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Re: [TCML] How To Turn A Vacuum Cleaner Motor Into A Synchronous Motor -
All the vacuum clean motors I have all have brushes. I can vari the speed with a variac. This things turn some unreal RPMs. I use all my vac motors to build Variable Speed Vacuum Fan Spark Gaps. As I crank up the speed spark length gets longer and longer I can dial in maximum spark length in about 5 seconds.
>From: Clive Penfold <clivepenfold@xxxxxxxxxxxxxx>
>Sent: Dec 6, 2010 7:24 AM
>Subject: [TCML] How To Turn A Vacuum Cleaner Motor Into A Synchronous Motor
>Allow me to reveal my latest discovery or possibly invention if no one has
>thought of it before!
>A vacuum cleaner motor can be made to run at synchronous speed with the
>addition of a diode; actually 2 in parallel for mechanical balance
>Mains vacuum cleaner motors are usually series wound AC brush motors. The one I
>removed from a 1100 watt Miele cleaner ran at 18,000 rpm and drew 5 amps at 240
>Having dismantled it, I soldered two 3 amp 1000 volt diodes across 2 opposite
>commutator segments (180 deg apart), tucked down behind the commutator. One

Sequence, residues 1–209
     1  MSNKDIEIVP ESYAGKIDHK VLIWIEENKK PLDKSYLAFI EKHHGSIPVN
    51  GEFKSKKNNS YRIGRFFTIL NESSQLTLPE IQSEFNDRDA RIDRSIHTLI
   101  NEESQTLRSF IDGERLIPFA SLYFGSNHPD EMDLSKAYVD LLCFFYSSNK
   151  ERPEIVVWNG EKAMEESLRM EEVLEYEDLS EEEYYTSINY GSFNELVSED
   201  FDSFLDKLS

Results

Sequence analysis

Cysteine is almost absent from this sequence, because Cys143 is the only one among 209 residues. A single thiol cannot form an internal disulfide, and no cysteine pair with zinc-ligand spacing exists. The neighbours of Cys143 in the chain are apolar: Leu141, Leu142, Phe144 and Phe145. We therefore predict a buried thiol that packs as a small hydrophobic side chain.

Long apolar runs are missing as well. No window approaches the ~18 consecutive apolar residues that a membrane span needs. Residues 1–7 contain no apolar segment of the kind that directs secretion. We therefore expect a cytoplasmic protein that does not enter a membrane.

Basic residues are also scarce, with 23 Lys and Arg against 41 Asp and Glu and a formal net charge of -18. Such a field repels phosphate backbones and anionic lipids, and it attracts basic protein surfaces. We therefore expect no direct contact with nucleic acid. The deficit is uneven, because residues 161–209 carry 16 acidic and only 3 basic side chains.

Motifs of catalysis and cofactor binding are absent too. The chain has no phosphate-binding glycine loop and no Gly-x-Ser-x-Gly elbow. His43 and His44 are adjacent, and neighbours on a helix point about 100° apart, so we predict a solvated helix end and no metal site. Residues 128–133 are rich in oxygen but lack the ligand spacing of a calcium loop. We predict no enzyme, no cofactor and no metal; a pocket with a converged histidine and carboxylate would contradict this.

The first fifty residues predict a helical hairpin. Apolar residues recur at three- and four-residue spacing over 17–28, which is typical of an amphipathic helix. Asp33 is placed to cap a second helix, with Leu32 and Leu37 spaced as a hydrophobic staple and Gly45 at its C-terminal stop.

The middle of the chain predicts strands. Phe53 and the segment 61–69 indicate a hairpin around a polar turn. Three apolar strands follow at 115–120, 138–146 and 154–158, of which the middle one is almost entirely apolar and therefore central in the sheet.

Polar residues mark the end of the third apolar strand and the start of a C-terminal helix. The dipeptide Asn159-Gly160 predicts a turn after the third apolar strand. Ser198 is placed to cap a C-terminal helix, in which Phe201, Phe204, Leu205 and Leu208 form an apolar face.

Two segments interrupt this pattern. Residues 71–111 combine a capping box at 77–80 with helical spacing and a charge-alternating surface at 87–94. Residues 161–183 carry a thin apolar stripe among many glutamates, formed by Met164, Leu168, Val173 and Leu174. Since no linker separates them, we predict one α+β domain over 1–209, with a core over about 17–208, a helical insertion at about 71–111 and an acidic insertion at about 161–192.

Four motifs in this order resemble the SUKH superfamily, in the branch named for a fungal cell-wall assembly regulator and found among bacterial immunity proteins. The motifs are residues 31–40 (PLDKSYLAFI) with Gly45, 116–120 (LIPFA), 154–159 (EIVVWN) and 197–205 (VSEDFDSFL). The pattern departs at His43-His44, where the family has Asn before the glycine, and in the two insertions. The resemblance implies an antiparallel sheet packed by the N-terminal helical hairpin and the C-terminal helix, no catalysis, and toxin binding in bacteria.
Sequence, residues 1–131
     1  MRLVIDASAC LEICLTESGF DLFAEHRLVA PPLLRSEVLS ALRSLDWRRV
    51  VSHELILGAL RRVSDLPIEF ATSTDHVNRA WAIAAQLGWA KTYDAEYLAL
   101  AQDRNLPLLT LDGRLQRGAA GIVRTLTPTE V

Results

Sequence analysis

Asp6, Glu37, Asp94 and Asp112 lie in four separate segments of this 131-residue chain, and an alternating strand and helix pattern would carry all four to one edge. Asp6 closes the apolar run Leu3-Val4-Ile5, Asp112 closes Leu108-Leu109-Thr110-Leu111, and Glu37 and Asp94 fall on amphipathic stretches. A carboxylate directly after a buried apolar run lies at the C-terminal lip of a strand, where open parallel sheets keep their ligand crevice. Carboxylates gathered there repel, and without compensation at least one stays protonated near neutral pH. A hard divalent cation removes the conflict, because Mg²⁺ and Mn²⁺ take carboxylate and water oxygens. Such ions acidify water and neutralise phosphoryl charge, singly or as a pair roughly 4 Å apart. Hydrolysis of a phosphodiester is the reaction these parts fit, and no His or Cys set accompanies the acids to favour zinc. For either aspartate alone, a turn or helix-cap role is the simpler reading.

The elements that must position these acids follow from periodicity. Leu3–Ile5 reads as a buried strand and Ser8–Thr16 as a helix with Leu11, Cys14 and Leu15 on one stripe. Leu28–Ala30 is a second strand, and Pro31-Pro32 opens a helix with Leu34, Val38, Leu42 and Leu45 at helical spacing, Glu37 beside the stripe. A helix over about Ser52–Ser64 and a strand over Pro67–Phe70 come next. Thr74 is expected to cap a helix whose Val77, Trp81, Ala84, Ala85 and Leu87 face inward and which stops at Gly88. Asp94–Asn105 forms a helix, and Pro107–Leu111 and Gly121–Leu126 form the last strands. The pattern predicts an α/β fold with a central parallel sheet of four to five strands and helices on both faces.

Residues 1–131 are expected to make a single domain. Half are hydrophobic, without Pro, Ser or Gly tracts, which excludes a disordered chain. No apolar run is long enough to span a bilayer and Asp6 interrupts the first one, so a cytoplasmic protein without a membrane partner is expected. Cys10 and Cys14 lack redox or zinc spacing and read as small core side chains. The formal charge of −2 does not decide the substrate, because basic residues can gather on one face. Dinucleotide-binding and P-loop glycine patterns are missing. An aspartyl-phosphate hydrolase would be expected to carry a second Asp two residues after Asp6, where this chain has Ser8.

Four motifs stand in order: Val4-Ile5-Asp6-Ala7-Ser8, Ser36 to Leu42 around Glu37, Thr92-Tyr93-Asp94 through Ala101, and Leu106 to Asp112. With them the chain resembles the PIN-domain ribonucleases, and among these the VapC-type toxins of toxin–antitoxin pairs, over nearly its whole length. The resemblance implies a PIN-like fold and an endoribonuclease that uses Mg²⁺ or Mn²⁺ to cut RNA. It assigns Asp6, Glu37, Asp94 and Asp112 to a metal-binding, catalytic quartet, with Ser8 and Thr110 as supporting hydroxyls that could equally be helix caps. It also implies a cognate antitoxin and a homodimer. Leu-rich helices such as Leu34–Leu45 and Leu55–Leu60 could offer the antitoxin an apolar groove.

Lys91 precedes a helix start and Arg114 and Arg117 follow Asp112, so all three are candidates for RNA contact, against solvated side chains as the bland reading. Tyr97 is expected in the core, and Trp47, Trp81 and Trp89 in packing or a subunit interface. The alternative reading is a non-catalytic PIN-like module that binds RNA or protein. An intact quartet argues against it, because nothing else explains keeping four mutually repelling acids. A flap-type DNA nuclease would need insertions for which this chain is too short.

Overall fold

>would have done
>but to maintain physical balance, I used a pair opposite each other and applied
>a liberal amount of epoxy resin to stop them flapping about.
>The motor is still series connected as before and runs at 3000 rpm (at 50 Hz)
>from 30 volts AC where it draws 0.8 amp to 80 volts AC where it draws 5 amps at
>One thing that I haven't looked at yet is the phase change of the rotor as the
>load varies but it is probably no worse than an induction motor with flats
>machined on it. I don't see why it shouldn't respond to John Freau's phase
>I will be interested to hear of other peoples experiences who try it.
>There is a discussion running on this subject on the tcbouklist, where I
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